As with the suggestions that I be sent to an internment camp and that I kill myself, I’m sure many would not see this comment as a serious threat. They’re just typing words on a computer, right? It’s not as if they actually put a gun to my head, like the Pulse nightclub shooter. Shouldn’t I just stop “playing the victim” and accept that the Internet is full of trolls?

Sorry not sorry, but I don’t accept that being a virtual punching bag for sociopaths is a reasonable price to pay for being openly trans online. The pain this stalker deliberately inflicted on me has left psychological scars that are real and legitimate. This was not just hate speech, this was a targeted, vicious attack.

By July 2016, I was working with Wikipedia’s Support and Safety team, sharing detailed logs of the attacks, looking up IP addresses, trying to pinpoint the true location and identity of this stalker. I had e-mailed Jonathan Mann about it, since it was over his page these attacks started; he was sympathetic and provided some helpful leads. A Wikipedia administrator was able to implement a rangeblock, and for a few weeks, the stalker disappeared.

In September 2016, the stalker resumed leaving comments on my blog. When Donald Trump was elected president in November, the stalker couldn’t wait to share their delight at my anger, disgust, and fear.

November 9, 2016

To the concentration camp you go, FunCunt!

In reference to a large anti-Trump protest (the first of many) I attended the week after the election:

November 15, 2016


How convenient! All the degenerates gathered in one place! Makes it easy to corral them up 🙂

After a few more attacks, I finally turned off comments on my blog altogether.

The comments I’ve shared here are just a portion of the over 70 attacks I logged between May and November 2016. While Wikipedia’s Support and Safety team was sympathetic and helpful, I was unable to pinpoint the identity of this stalker. At one point, I was considering hiring a private investigator. I also contacted the Transgender Law Center’s helpline for advice; while they couldn’t provide an individualized legal opinion, from their response it appeared unlikely this person had actually broken the law.

I didn’t want to send them to jail, anyway. I’ve become increasingly critical of the prison-industrial complex, and skeptical of the usefulness of imprisonment for rehabilitation. If they were caught and I were in charge of their fate, I would send them to mandatory counseling. But most importantly, I would want their friends, lovers, family, and employer — if they have any such people in their life — to see exactly what they have been posting online.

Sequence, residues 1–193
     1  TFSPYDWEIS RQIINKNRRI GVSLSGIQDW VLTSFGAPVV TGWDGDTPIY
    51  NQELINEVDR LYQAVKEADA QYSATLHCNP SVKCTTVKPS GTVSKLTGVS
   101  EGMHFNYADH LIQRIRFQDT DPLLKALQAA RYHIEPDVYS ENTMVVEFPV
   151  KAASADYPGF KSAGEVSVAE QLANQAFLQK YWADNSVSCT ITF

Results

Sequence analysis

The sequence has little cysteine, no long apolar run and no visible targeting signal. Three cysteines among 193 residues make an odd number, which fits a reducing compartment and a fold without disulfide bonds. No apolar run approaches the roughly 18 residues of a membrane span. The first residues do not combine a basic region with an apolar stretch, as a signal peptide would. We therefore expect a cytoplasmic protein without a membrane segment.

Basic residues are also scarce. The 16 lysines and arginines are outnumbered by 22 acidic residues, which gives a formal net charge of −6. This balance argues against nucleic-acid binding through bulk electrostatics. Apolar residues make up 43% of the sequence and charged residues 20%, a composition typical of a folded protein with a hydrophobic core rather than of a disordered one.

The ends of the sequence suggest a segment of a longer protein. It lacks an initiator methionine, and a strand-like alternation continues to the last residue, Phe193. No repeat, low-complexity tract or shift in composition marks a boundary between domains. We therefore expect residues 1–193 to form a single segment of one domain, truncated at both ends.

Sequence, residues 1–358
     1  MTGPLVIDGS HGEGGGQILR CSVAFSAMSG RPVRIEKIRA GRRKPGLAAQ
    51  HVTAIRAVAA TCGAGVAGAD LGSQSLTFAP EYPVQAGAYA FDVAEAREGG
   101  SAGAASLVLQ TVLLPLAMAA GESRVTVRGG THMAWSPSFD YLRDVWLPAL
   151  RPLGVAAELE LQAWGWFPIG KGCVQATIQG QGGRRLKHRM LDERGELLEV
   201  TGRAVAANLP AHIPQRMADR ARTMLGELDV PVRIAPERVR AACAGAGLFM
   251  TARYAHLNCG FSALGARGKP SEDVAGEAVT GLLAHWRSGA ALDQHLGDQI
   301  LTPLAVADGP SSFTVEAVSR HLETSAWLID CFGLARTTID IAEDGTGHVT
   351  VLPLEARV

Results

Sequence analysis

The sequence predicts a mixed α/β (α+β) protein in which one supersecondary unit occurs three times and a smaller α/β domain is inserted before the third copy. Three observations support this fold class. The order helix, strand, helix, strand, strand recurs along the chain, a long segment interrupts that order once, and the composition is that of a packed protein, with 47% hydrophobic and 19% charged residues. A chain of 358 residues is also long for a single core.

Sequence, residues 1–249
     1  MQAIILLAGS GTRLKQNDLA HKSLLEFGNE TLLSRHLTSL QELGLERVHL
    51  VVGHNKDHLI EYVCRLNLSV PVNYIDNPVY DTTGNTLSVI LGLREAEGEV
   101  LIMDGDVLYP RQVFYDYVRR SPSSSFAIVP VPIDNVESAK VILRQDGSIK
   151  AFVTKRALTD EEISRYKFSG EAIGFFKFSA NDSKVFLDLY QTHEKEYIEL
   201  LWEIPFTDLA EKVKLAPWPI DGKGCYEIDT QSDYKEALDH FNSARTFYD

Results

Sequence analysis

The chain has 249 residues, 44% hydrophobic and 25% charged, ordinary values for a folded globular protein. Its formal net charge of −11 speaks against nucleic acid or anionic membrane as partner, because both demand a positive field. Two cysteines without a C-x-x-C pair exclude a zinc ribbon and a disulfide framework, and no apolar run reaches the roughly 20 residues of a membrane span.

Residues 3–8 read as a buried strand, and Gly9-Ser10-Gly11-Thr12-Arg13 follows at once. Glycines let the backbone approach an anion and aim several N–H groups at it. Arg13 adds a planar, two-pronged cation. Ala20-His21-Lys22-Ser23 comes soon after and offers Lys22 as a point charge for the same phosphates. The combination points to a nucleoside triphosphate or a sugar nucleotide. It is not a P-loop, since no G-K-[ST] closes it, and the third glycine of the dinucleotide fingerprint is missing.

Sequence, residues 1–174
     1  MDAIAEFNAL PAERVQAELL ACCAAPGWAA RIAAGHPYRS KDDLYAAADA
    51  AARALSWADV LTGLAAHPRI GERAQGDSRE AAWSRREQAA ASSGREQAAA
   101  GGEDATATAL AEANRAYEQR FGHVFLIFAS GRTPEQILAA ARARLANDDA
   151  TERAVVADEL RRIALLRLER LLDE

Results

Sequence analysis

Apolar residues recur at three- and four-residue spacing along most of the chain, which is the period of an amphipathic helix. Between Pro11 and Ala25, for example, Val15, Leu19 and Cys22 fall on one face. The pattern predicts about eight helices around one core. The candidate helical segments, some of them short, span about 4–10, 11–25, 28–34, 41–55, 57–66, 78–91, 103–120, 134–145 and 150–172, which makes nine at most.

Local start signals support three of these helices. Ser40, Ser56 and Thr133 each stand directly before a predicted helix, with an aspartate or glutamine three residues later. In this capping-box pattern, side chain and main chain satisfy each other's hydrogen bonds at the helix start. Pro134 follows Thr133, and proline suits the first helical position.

Even if I did know this person’s identity, I wouldn’t post their contact information publicly. I don’t condone doxing; I have no interest in retaliating by sending them threats, or asking others to do so. I just want to prevent them from ever attacking or even contacting me again and from attacking other people, because it’s unlikely I’m their only victim.

And I am, indeed, a victim, though I have, in a literal sense, survived these attacks; I have not killed myself, despite the suggestions that I should do so. While I have been free of this stalker for nearly a year now, the memories still haunt me. What I experienced is a drop in the bucket compared to the transmisogynism that many trans women experience day in and day out (see this recent essay by Katelyn Burns for some examples), but I am still damaged.

Nonetheless, there are a couple of positive outcomes from this experience. The first is that I submitted an idea that ultimately resulted in user pages on the English Wikipedia being protected by default from edits by anonymous and new users. I gave a talk on this subject, including a brief overview of the stalking I experienced, at WikiConference North America in Montreal this summer. I made good connections with people there, including members of the Wikimedia Foundation’s new Anti-Harassment Tools team.

Pax talks with Sydney Poore of the WMF Anti-Harassment Tools team. Photo by Ziggy Tomcich, CC BY-SA 4.0.

The second positive development is that I recently became a volunteer with the Transgender Law Center helpline. It took them so long to answer my question about the stalking last year that I wanted to help reduce the backlog. The TLC has more volunteer opportunities, most of which can be done remotely, for anyone interested.

I give no thanks to the stalker for these outcomes, however. They do not deserve my sympathy or pity.

Posting this essay won’t necessarily give me closure; I still fear that even if this particular stalker doesn’t return, others will follow. But I still felt it necessary to get the details out there. I hope some good comes out of it.

Written by

Queer agender trans male. Black vegan atheist, photographer, blogger. Pronouns: they/them/their.,

Get the Medium app

A button that says 'Download on the App Store', and if clicked it will lead you to the iOS App store
A button that says 'Get it on, Google Play', and if clicked it will lead you to the Google Play store